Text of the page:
During 2017, CCUg conducted a baseline MHM survey in 18 schools in Mayuge and Jinja District with support from Amplify change. Most schools (15 out of 18) did not have Washrooms where girls could change used pads and clean themselves during menstruation. A considerable number of girls (11.8%) were not cleaning themselves, while (15.6%) were not changing pads. Less than half (41.6%) or 4 out of every 10 adolescent girls missed school due to menstruation. One of the reasons was lack of a place to change used menstrual sanitary materials and clean (34.2%) during menstruation. Based on the above evidence, we wrote a proposal to Associated Country Women of the World (ACWW) who funded construction of 6 sanitary facilities for three schools in Mayuge District and Jinja. The schools selected were Wabulungu Primary School, Mayuge District, Nalinaibi Primary School and St. Matia Mulumba Primary School, both in Jinja district. Funding became available in late 2018.

With support from ACWW, we completed the construction of the 6 washrooms in each of the schools. These will be used by 940 girls.

Afterwards, a 9-member Sanitation Committee was established, comprised of 2 pupils (including the female sanitation prefect), 4 parents from the Parent Teacher Association (PTA) and School Management Committee (SMC), and 3 teachers, including the Senior Woman and Senior Man Teachers.

The main aim of this Committee is to ensure proper maintenance of the constructed washrooms, whilst advocating for more resources at home and school to ensure proper MHM.

Later, we educated pupils about MHM and implored girls to properly use the constructed washrooms to support proper MHM.

Pupils, teachers, PTA and SMC members were very thankful to CCUg for constructing the washrooms and educating pupils about MHM.


  • Six washrooms were constructed in 3 schools which are Wabulungu Primary School in Mayuge District, Nalinaibi Primary School and St Matia Mulumba Primary School in Jinja District. These washrooms will help the female students in maintaining proper menstrual health and hygiene.
  • We conducted Sexual Reproductive Health and Rights education with an emphasis on menstrual health management among 1,500 students in Wabulungu Primary School, St Matia Mulumba Primary School and Nalinaibi Primary school.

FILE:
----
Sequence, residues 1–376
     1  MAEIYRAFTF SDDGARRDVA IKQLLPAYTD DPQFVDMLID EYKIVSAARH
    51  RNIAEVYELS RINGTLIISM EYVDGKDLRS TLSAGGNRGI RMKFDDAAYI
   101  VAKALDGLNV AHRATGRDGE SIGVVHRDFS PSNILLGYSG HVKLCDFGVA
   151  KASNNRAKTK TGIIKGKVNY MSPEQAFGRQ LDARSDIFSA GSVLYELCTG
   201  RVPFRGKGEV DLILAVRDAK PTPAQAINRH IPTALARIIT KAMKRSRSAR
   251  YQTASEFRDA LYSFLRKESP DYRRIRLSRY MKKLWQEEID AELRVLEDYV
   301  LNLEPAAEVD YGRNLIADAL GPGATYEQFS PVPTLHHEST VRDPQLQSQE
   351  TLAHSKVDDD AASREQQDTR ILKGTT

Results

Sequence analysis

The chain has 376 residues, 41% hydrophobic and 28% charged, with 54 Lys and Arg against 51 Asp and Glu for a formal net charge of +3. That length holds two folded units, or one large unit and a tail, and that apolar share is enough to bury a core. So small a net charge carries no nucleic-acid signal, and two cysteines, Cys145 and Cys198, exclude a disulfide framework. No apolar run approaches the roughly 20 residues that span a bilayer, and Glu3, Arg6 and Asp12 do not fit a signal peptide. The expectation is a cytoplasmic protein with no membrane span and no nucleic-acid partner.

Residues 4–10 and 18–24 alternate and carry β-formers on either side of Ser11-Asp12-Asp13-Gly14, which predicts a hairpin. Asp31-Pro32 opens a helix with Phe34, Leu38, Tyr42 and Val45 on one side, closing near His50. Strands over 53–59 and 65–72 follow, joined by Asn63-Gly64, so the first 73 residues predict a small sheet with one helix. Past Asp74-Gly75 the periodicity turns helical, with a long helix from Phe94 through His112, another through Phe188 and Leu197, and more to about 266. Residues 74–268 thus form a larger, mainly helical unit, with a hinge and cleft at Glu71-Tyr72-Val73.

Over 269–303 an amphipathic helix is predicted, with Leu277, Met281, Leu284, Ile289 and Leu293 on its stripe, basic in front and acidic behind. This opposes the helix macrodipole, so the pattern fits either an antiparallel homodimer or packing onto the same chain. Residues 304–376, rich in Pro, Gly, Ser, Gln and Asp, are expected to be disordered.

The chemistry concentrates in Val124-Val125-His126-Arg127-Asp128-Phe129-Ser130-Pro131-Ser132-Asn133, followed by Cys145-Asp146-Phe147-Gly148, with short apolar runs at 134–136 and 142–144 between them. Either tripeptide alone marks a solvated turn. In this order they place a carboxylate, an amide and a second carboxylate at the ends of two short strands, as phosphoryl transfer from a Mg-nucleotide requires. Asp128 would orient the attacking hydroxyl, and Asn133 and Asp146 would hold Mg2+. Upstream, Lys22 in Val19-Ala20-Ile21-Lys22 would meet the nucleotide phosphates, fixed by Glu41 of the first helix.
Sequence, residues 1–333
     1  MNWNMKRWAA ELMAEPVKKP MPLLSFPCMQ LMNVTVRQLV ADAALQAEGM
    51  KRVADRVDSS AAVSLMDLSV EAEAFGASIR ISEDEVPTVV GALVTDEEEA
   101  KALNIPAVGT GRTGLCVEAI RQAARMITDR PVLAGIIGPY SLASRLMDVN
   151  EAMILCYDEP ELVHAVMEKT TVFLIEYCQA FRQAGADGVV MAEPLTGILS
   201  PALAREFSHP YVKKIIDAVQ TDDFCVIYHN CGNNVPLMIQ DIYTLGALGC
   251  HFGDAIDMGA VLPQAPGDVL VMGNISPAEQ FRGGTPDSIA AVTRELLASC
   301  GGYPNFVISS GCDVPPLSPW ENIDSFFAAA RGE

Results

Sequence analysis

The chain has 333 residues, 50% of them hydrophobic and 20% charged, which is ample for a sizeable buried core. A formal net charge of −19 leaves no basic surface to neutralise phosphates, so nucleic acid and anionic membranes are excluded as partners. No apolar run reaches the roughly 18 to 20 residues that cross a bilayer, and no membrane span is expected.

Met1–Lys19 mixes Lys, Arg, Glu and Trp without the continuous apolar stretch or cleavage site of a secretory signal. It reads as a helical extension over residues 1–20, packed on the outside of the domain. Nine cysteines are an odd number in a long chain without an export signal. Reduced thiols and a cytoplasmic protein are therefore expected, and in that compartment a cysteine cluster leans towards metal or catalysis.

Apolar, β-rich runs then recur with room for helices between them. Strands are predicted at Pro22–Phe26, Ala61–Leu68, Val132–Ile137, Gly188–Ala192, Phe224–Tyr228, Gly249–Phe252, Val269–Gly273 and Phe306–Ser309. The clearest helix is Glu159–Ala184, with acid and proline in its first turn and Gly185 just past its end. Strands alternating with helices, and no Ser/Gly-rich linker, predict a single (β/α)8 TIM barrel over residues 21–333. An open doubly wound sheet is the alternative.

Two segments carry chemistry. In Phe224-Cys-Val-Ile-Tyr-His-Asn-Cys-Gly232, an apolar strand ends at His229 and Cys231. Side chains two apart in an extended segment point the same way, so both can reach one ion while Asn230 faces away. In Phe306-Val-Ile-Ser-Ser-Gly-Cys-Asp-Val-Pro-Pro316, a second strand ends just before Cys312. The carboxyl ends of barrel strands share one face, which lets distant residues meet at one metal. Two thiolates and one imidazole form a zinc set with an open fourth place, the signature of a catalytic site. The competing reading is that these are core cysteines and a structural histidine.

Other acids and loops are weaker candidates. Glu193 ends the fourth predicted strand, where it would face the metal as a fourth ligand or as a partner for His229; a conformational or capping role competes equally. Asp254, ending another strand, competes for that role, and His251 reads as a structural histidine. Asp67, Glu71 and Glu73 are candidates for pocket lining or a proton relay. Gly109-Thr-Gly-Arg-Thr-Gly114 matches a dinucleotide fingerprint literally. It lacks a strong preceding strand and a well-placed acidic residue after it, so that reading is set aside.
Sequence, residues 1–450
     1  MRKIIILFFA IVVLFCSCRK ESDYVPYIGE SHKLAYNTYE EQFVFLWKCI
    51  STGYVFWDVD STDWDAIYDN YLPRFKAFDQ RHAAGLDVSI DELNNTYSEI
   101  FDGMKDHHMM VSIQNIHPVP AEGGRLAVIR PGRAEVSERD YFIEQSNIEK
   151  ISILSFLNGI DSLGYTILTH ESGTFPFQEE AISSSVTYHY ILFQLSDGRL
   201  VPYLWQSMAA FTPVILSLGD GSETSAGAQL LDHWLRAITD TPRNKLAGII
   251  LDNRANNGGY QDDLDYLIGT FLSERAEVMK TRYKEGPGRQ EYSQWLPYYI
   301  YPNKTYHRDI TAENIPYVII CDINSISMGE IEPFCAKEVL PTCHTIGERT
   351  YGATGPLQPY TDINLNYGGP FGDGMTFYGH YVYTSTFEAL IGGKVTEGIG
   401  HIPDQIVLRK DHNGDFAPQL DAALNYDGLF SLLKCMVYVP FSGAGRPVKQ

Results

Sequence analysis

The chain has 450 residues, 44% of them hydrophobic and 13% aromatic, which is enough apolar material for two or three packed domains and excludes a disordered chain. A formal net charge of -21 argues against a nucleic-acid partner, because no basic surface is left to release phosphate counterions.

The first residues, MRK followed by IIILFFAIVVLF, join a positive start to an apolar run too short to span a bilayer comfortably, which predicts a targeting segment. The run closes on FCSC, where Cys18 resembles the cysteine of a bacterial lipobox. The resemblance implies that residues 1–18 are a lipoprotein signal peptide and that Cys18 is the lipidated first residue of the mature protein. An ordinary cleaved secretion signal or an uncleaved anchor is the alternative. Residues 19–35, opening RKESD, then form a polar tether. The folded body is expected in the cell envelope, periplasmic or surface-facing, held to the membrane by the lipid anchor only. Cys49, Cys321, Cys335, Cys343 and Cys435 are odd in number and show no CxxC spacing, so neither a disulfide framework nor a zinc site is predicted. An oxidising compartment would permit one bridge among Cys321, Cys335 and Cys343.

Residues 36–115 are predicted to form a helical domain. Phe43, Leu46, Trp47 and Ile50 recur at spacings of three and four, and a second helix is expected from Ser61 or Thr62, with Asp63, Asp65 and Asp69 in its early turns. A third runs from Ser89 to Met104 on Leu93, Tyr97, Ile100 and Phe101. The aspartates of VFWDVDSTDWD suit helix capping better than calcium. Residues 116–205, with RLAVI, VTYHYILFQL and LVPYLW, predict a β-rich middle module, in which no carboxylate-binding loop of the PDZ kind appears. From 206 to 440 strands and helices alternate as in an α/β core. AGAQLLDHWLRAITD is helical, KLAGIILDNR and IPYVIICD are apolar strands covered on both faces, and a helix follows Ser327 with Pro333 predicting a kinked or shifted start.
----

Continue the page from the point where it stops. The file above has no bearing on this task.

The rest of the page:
• Senior women and men teachers from the three schools were trained in proper management of menstrual health among the students at school.


During the construction, water was a challenge since it was a dry season. This delayed the work somewhat and may keep the tanks without water some days.

Food Security Program


  • We received additional donations and another community (Bukatube) was able to benefit from this project.
  • We were able to hire land for growing food in the new community.
  • The Bukatube community beneficiaries were trained in proper agricultural practice especially in regards to growing soya and ground nuts.
  • The Bukatube beneficiaries also received seeds which will be planted.


  • Delayed rains led to a delayed start of the first season for planting, which will result in delayed income earnings.
  • Change in seasons also affected the yieds
  • Imbalance of seasons where there was alot of rain and alot sun shine yielding to poor crop yields

Group Saving

This project consists of 3 groups from Nakalanga (80), Magamaga (26) and Wairaka (20). All these groups are comprised of women only. They save and are able to borrow from their savings to provide support for their families and fund small loans to inject into their businesses. Their savings earn interest and at the end of the year, they are able to withdraw these savings and interest.


  • The groups added more members, Nakalanga had 70 members and grew to 80 members, Magamaga group had 15 members and grew to 26 members and Wairaka group increased to 20 members from 10.


  • A few members are not able to save the maximum monthly amount of 5,000 UgX.
  • The farmers in these groups have been affected by the changes in seasons so their savings have also been affected.


  • Encourage members to engage in other income generating activities to spread financial risk and improve cash flows.
  • Provide further training on financial management.

Community Resource Centre

The Community Resource Centre enrolled 18 students this year for the first intake. Among these, 9 enrolled in hair dressing, 7 enrolled in tailoring and 2 enrolled in computer studies. As of the end of the first quarter, 12 students are enrolled: 5 in computer, 6 in hairdressing and 6 in tailoring (some students are participating in more than one course of study).